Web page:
A dramatic slowing of the pace of capital inflow in the first half of this year is further confirmation of the marked change in China’s financial fortunes. According to the Bank of China, there has been only a small increase in the yuan positions of financial institutions as a result of foreign exchange transactions with the central bank in the first five months of 2012. In recent years, it was the extraordinary growth in dollar receivables by exporters which provided much of the fuel for China’s rocket-powered expansion.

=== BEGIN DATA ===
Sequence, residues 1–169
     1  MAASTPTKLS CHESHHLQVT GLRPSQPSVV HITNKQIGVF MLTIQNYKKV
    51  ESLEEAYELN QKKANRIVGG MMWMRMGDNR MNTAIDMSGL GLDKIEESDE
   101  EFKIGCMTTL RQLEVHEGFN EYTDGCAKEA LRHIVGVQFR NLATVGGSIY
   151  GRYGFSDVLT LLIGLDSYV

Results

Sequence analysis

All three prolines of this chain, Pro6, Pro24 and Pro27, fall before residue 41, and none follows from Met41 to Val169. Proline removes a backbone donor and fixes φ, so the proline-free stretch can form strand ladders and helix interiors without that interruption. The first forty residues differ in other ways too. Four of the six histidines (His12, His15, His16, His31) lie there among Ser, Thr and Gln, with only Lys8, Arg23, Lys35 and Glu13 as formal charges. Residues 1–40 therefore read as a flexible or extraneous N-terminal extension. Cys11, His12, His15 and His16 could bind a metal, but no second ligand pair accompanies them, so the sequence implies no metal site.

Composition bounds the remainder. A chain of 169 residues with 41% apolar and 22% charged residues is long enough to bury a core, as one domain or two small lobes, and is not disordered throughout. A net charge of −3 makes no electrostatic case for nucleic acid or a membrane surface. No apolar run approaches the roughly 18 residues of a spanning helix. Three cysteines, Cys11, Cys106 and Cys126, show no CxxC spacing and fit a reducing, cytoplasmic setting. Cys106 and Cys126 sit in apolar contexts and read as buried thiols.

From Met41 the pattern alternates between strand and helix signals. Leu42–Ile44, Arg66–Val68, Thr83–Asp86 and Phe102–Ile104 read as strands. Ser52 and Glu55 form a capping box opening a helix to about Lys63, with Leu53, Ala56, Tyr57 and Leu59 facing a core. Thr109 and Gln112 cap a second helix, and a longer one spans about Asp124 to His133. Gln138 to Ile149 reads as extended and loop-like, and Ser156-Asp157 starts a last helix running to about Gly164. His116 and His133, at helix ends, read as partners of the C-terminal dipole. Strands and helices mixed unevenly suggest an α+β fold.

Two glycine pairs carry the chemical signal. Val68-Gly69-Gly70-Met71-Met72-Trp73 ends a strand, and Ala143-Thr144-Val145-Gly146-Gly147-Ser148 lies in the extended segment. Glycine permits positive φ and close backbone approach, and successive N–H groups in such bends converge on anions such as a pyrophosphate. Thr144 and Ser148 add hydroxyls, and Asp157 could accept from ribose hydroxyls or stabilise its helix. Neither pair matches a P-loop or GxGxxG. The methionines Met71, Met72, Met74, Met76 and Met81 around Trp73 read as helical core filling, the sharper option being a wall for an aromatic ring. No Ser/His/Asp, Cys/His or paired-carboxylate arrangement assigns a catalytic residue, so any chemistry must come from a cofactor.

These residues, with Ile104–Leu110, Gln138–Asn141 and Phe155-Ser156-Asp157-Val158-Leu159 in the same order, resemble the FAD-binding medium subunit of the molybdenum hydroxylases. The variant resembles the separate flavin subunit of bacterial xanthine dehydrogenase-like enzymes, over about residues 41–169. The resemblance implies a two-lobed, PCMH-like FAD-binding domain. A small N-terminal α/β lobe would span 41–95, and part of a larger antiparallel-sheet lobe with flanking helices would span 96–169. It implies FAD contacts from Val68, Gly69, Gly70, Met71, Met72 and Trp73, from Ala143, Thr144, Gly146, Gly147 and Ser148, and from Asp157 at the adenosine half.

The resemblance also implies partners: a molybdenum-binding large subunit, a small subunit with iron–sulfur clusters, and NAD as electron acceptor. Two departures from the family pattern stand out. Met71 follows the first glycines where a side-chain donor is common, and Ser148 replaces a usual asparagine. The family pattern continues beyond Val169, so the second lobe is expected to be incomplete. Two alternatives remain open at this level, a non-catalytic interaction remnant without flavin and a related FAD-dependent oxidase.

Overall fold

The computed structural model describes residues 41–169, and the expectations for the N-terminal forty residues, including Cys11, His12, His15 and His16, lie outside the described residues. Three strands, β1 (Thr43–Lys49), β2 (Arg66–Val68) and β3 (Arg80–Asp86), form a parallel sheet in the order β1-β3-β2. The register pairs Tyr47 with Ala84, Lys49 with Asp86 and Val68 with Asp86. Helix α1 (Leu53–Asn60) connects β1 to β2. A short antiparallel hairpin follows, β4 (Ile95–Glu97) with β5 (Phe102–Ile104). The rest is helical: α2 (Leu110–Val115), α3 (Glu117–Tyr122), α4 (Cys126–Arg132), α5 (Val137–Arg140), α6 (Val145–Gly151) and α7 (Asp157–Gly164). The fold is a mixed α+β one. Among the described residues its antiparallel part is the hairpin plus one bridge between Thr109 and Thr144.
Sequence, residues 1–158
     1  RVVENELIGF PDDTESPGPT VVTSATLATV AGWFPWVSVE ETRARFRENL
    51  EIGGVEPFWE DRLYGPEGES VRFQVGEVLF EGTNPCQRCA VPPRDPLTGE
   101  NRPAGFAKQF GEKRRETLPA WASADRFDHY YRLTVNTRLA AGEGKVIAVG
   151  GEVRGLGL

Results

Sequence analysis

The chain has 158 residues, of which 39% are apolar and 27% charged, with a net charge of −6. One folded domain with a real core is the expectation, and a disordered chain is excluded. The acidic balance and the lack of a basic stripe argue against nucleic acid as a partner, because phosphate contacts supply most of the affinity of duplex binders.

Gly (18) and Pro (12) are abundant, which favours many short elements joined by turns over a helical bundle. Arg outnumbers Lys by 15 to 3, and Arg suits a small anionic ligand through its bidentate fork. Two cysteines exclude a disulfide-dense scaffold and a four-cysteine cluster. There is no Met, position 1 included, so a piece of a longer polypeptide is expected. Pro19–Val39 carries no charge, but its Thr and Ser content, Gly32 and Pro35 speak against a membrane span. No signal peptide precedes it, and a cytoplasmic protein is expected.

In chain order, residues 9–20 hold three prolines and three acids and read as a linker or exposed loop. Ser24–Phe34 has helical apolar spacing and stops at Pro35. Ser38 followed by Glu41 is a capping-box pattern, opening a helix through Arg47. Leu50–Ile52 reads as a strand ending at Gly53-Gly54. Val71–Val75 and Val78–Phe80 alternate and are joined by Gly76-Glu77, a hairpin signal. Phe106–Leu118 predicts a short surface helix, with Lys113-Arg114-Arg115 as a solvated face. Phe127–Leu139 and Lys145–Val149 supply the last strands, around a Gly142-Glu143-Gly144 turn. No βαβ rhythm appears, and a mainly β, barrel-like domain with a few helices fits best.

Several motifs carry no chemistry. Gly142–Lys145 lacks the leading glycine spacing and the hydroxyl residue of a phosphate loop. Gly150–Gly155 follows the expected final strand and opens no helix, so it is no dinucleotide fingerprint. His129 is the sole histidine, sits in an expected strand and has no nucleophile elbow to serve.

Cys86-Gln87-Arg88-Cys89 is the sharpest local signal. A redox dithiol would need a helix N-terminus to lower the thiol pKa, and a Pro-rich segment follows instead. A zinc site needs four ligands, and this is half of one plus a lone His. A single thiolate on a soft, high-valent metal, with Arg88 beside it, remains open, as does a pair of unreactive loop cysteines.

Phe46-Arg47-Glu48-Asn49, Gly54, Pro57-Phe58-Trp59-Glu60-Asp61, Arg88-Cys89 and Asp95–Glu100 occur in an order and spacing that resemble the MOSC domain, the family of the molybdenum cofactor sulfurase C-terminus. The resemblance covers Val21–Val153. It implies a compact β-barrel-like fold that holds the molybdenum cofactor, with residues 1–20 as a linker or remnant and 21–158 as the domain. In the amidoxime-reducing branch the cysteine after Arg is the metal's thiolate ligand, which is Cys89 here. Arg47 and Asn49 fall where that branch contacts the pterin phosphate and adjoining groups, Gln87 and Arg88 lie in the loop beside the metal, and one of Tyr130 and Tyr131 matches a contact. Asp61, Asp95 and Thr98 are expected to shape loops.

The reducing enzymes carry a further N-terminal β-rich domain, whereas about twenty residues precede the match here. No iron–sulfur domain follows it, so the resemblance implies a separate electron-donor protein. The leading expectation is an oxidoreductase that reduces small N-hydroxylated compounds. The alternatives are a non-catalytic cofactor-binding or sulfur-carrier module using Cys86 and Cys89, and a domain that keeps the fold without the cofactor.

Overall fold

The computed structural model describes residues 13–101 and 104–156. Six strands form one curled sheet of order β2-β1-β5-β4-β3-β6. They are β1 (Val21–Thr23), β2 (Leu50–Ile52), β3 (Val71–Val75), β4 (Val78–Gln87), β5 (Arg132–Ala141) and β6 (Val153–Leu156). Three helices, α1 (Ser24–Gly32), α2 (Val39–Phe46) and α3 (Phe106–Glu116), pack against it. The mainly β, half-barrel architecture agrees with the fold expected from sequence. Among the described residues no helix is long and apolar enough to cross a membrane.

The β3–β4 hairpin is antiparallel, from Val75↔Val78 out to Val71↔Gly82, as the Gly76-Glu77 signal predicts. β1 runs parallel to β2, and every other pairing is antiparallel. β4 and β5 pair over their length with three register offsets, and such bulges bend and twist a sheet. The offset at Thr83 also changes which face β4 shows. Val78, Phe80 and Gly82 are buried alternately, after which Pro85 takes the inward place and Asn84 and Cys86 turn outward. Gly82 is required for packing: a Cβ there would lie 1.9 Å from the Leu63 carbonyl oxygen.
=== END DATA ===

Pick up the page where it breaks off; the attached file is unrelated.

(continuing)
If capital inflow remains drought-affected in the months ahead then the PBOC must consider a significant reduction in bank reserve requirements, currently set at a prohibitive 20% for the large banks. Although this ratio has been reduced by 150bp since November, we could very well see more aggressive cuts ahead, especially if the economy fails to respond to recent stimulus measures. The recent performance of the renminbi implies that foreign investors are still reluctant to pour money into the country like they used to. At the same time, mounting anecdotal evidence suggests that Chinese nationals are still minded to convert some of their wealth into hard currencies.
The yuan is no longer the one-way bet so many commentators have assumed that it is.